Grover: It is extremely cordial. It’s not what it used to be. We spent 15 years seeing each other four or five days a week on a regular basis, training in games, after games, after practice, all these other things. We now have a cordial relationship. We contact each other, we make sure he’s okay, he checks if I’m okay. But obviously you see how successful he is with off-court adventures. You know that shoes are hotter than ever. You speak of an individual who really changed the way we viewed basketball and now also changed the shoe game. It is like a commodity now.
SI: Speaking of shoes, you talk about how you used Converse at his house for your first training session with him. Did you ever make that mistake again?
Grover: [Laughs.] After our first meeting, he looked at my feet and said, “Never again.” I said, “I have you.” I don’t think he would let me go home if I was wearing the Converse again.
SI: I know that you and Kobe also had a close relationship. Where were you when you learned of his death?
Grover: I was in Chicago and I started getting all these text messages. And I was like, “No, that’s not true. Someone is playing. “Then I got a call from people who were very close in their private lives and they said, this is true. This really happened. It really froze me. I just couldn’t believe it. It literally didn’t hit me until three days later. I was sleeping and all of a sudden I woke up and said, “He’s really gone.” It was very difficult because you don’t want to believe it. You just didn’t want to believe it, not just for him, but for his daughter and for everyone else. You can’t describe the feeling. The only people who could understand him were those who were very, very close to him.
SI: They ask you this question a million times: What is the difference between Kobe and MJ? In the book you say that Kobe worked harder but MJ worked smarter. Do you think this was just a way that Kobe tried to be better than Mike, or was it just his attitude over everything else?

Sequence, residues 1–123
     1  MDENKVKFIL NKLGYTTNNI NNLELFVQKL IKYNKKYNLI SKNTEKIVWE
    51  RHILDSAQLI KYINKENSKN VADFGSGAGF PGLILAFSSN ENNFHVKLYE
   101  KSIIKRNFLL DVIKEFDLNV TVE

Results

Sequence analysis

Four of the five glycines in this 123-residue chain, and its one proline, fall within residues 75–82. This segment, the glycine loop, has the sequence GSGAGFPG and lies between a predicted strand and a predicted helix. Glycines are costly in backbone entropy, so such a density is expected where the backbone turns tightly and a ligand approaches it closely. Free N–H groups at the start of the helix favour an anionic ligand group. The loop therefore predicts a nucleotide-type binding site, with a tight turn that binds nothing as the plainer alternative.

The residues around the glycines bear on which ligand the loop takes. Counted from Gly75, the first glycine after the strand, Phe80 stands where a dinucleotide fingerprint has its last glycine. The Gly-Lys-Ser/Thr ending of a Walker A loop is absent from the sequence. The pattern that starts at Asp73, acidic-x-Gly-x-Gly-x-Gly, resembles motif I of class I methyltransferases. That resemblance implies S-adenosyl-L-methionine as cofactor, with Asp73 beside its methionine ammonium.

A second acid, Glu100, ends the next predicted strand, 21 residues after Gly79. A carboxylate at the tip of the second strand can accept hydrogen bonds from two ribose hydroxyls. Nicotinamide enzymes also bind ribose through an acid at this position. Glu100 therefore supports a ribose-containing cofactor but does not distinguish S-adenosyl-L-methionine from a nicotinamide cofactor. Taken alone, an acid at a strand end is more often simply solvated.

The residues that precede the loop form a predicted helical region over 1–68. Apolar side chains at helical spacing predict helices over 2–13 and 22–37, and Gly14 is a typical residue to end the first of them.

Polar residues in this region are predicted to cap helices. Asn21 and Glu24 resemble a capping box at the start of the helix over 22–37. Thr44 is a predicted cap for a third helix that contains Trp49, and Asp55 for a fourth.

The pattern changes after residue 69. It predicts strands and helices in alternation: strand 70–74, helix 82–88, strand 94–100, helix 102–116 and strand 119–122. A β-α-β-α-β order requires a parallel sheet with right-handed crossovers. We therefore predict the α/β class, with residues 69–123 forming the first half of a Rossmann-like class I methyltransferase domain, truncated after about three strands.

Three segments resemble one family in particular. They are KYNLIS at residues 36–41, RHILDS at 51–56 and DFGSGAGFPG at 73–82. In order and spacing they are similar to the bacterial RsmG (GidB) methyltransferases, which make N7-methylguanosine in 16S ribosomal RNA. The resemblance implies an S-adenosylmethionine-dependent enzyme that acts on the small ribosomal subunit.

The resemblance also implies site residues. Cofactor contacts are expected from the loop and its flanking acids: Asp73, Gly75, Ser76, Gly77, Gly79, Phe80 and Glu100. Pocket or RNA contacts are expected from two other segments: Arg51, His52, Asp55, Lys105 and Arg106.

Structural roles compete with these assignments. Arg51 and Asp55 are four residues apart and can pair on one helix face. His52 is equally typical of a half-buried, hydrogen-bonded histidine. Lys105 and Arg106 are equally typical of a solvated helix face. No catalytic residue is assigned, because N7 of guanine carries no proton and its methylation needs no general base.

Grover: It was both. They knew their ways of winning, and that was Kobe’s way of winning. He needed to constantly work harder than everyone else, to get over them in the studio, he needed to see more movies. That was the way he was educated and that was his winning language. When I started with him in 2007, my biggest challenge was getting him to stop. In fact, we have to do less. Kobe always said, “I have to do more.” I was like, let’s see if we can push this back a little bit and put different things in different compartments and get better results and have it actually do a little less. It was a challenge, but he was open to it.
Y: MJ once told you: “I don’t pay you to train me. I pay you not to work with anyone else. “But he is the one who recommended that Kobe work with you. How would you describe your relationship?
Grover: It was competitive but very, very special. And they enjoyed that competitiveness. Do you know what I have always learned about the best athletes? They are willing to share their information, how they did it. Kobe talked to his teammates all the time. He was talking to players on the opposing team. Same with MJ. You know, they would give them the information on what it takes to be great, but they wouldn’t give them more information until that person actually applied it. Kobe gave you something, “Hey, this is the mindset it takes to win.” I wanted to see you apply that mindset, see if you’re going to use it, see if you’re really going to win before I answer the next question, because if you’re not willing to do that part, it’s going to be like, “You know what? This person is not really interested in winning. “
SI: What do you think about the explosion of coaches on social media? They have become celebrities in their own right, but you write in the book that this has never been your thing.
Grover: I was in a time when there were no social networks. My social networks were my clients talking about the work I did. That is worth more than what you say about yourself. I have no problem with that now. Get out there and get your hustle. Build your brand. But be with your customers through thick and thin. Don’t just post stuff and be available when your player is playing well. You must take responsibility and accept the criticism and feedback that comes when your customer is not playing well.
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Eddie is an Australian news reporter with over 9 years in the industry and has published on Forbes and tech crunch.